An example of situation shared by her as a maladaptive perfectionism: “Feeling a pressure to be the best at everything. For example, being the number-one student athlete and the valedictorian and getting into the ‘best’ university,” said Pryor. “One person’s ability and energy to obtain, let alone remain at, that level of excellence over a long period of time—that’s impossible to do.”
In a 2017 study, researchers examined perfectionism among college students are high globally over the past three decades and found that three types of perfectionism have increased among recent generations of students.
1. Self-oriented perfectionism: Individuals attach irrational importance to being perfect, hold unrealistic expectations of themselves, and useless self-evaluations.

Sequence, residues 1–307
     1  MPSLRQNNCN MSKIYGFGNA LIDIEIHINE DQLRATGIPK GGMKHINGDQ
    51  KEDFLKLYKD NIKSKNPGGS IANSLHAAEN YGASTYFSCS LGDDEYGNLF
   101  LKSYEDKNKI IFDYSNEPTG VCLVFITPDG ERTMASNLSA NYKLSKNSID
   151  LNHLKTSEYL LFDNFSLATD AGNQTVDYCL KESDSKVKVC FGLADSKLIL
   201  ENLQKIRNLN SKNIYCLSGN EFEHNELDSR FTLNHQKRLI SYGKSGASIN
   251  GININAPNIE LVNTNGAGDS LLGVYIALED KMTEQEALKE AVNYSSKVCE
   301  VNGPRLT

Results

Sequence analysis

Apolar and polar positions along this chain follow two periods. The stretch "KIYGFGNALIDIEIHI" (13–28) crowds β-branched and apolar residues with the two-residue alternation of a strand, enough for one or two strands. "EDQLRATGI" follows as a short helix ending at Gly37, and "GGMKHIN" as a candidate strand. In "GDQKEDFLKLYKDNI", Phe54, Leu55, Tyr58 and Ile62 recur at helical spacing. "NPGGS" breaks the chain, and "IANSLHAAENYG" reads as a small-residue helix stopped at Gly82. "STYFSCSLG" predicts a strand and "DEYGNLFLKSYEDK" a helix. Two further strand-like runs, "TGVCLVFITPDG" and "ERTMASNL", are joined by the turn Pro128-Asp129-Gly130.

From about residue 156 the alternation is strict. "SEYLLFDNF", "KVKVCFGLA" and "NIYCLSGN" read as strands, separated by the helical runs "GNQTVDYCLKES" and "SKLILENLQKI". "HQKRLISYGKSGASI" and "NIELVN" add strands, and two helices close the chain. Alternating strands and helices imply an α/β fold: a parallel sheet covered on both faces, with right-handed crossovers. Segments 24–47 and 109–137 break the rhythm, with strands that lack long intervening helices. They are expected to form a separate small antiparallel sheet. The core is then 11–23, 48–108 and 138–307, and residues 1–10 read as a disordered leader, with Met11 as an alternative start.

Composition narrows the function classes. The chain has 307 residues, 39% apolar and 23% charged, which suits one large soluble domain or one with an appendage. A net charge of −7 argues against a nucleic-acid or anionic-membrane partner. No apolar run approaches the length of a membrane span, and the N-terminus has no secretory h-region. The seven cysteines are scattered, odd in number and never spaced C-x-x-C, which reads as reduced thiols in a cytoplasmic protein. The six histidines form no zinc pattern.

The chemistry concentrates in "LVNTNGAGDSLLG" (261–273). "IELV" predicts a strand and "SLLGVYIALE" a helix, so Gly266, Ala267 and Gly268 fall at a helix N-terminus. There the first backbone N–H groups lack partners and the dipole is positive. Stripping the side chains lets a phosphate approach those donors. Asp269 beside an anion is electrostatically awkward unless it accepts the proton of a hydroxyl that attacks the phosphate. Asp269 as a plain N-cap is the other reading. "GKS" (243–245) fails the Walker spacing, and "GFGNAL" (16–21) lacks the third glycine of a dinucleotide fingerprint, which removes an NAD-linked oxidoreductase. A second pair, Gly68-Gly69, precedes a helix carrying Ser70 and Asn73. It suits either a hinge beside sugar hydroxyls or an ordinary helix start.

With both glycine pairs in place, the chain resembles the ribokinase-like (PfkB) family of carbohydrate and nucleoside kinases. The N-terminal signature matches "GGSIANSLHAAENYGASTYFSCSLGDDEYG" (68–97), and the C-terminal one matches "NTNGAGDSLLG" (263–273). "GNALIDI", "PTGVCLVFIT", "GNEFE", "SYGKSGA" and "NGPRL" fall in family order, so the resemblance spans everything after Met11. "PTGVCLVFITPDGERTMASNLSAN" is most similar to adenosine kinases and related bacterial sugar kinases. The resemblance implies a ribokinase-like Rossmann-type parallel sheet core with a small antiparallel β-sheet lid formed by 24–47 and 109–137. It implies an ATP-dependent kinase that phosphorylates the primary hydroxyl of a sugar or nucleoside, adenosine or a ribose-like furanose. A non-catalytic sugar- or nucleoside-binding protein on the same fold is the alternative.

Associated with: negative physiological reactions to life stress and failure, clinical depression, anorexia nervosa, and suicidal ideation.
2. Socially prescribed perfectionism: Individuals believe their social context is excessively demanding, that others judge them harshly, and that they must display perfection to secure approval.
Associated with: anxiety, depressive symptoms, and suicidal ideation to greater degrees than those with self-oriented perfectionism.
3. Other-oriented perfectionism: Individuals impose unrealistic standards on those around them and evaluate others critically.
Associated with: higher vindictiveness, hostility, and the tendency to blame others, in addition to lower altruism, compliance, and trust.
We are going to organize a workshop on perfectionism ‘Dose of Imperfect @ workplace’. Join us to know the
• Root belief system
• Unhealthy Perfectionism @ workplace
• Perfectionism & Making mistake
• Mental well being
• Technique: Pomodoro Technique
• Better teamwork, reduce team conflict , increase productivity, better planning and prioritization management & overall well being
• Hear inner voice
• Evidence based action items
• Research based tools